We evaluated the results customers are seeing after placing their claims and managed care services under one roof. Our team reviewed the results achieved by six customers that moved from fully unbundled programs to integrated programs for claims management and managed care. New workers’ compensation claims data was pulled for each program 12 months before integration and 12 months after integration. This study focused on indemnity and medical-only claim types. Of the six customers evaluated, four saw improvements while two followed inflation and industry trends. The customers with improvements saw an average reduction of 8.8% with one customer as high as 19.8%. The reductions were mostly from medical and indemnity; occasionally they came from expenses as well. This study showed that there is a significant benefit to combining workers’ compensation and managed care services. On average, employers that participate in our integrated services model are seeing a 5% reduction in their medical and indemnity claim costs in the first year.

Some customers use select managed care solutions while others incorporate our full suite of services, which includes clinical consultation; medical bill review; telephonic, strategic and field case management; behavioral health; return to work; complex pharmacy management; utilization review; as well as a range of review and support solutions such as provider benchmarking, and access to medical and specialty networks. The integration of data across these services offers several advantages and can be used to identify trends and create strategies to improve outcomes.

Here is an example of an integrated program in action:

Beginning with a 24/7 nurse line, the injured employee is triaged and the right level of care is determined. Symptoms are reviewed during the initial call, and the nurse can determine if the employee needs treatment by a third party or if the employee can self-treat. If third-party care is needed, the nurse will send the employee to an urgent care facility or occupational medicine clinic within a preferred provider organization network. This step takes treatment decisions, with the related stress and uncertainty, out of the supervisor’s hands. The nurse will send medical information to the provider such as where to send the employee for medication, imaging or therapy, if needed. This is pivotal for the continuity of care as the claim progresses. In an effective claims and managed care program operating under one roof, triage nurses, claims examiners and nurse case managers access the same provider search technology and can see provider scores based on treatment and return to work outcomes. Identifying the best doctors and having consistent resources for matching injured employees with those doctors is key to achieving better outcomes. This identification process includes provider benchmarking and search technology, a routine method for provider information validation, and reliable practices for the production, renewal and distribution of panel cards.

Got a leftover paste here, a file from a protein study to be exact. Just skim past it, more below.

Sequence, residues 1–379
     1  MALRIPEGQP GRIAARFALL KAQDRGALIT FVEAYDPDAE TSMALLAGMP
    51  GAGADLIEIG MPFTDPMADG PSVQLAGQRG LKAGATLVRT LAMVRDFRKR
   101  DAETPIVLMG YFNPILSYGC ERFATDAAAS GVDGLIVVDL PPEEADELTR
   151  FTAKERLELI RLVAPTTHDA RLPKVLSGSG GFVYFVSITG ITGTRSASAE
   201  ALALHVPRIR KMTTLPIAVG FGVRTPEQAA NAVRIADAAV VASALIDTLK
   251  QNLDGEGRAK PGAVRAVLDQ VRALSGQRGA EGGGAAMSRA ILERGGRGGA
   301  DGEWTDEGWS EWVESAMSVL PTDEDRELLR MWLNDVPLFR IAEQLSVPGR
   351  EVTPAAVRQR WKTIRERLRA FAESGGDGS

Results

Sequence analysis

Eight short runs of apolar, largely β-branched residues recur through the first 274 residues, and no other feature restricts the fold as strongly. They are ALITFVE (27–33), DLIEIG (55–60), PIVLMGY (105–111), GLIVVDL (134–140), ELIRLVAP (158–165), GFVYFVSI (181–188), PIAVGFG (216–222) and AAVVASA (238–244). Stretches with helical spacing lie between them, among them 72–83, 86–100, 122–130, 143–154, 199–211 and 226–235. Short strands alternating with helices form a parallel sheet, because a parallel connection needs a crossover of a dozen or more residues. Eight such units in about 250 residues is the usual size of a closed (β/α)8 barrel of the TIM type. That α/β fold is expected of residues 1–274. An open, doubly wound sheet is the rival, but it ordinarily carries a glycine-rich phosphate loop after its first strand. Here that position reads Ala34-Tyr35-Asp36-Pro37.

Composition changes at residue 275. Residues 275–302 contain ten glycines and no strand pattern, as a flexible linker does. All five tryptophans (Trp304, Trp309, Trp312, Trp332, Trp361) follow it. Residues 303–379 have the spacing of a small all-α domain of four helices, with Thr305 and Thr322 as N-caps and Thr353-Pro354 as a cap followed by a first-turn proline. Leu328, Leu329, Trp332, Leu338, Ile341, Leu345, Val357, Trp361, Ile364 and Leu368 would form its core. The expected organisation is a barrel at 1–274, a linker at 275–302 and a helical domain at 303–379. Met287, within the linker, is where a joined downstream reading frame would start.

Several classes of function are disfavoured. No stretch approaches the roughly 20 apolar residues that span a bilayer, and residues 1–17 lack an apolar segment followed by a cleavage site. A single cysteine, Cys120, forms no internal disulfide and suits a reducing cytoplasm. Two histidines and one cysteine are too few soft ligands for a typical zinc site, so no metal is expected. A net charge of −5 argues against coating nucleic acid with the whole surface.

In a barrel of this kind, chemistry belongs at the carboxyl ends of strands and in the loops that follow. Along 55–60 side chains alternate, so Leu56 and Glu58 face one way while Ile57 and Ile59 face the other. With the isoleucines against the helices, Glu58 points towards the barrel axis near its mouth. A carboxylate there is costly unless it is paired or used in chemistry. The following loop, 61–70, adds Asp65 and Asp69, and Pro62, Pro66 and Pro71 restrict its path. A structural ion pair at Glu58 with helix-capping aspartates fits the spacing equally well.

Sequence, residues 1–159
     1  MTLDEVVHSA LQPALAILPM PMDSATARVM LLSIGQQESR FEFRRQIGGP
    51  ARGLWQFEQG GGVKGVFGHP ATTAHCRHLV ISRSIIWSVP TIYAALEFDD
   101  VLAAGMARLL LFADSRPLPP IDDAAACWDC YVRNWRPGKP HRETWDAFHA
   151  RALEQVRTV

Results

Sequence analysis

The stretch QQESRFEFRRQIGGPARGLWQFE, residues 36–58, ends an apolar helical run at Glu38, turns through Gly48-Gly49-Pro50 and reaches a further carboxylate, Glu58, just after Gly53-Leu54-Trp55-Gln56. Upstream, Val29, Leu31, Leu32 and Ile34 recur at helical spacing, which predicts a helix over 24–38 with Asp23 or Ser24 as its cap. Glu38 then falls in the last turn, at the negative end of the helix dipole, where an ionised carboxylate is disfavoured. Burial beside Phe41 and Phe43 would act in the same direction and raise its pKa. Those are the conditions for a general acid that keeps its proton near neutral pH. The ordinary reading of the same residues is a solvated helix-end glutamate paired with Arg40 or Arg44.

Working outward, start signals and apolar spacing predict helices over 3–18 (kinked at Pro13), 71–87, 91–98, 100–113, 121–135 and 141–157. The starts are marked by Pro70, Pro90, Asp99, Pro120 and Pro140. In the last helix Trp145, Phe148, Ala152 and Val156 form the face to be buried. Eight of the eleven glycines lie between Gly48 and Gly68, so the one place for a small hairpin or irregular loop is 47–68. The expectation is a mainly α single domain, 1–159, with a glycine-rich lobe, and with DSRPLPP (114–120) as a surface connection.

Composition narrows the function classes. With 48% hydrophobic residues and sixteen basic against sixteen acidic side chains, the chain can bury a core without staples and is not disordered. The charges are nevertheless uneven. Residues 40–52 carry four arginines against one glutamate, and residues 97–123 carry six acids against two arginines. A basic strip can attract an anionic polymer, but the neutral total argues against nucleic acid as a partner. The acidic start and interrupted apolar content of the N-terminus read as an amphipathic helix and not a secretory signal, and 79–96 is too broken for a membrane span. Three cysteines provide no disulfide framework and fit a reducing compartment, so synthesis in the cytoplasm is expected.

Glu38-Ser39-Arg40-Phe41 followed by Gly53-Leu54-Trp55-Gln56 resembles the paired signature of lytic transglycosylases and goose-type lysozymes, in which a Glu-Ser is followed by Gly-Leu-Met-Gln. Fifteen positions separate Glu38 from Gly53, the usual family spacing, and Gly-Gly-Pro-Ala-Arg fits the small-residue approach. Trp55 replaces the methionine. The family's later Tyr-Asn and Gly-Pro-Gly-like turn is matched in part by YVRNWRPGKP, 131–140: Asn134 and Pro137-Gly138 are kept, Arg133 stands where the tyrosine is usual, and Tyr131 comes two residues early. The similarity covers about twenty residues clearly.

Throughout the entire treatment process, the claims examiner has total visibility and can take steps as needed to help move the claim forward such as suggesting peer-to-peer consultations, requesting nurse case management or recommending behavioral health services. Triggers can also be set up in the claims management system for services such as utilization review and field case management. Pharmacy programs with injury-specific and acute to chronic formularies ensure that any drugs inappropriate for the injury type and the age of the claim are identified at the point of sale. The clinical team is notified of any inappropriate prescriptions and will call the provider or pharmacist to discuss alternatives. In addition, meaningful data mining can be readily deployed when bill review, claims management and case management technology are developed and continuously enhanced with a common purpose regarding how, where and when data will be captured in the course of day-to-day business.

The primary elements that make a program successful and help drive positive results include shared missions, accountability, and the managed care and claims teams working together and accessing data through the same systems. By understanding the individual needs of each injured employee and focusing on providing the best medical care, our industry can improve outcomes and help them return to work sooner.